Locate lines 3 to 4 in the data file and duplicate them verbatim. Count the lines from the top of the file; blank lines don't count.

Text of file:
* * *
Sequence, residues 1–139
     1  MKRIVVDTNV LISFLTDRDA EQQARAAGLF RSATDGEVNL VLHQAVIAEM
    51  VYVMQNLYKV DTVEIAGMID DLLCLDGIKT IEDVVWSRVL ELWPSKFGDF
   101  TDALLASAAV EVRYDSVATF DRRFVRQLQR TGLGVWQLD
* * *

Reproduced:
    51  VYVMQNLYKV DTVEIAGMID DLLCLDGIKT IEDVVWSRVL ELWPSKFGDF
   101  TDALLASAAV EVRYDSVATF DRRFVRQLQR TGLGVWQLD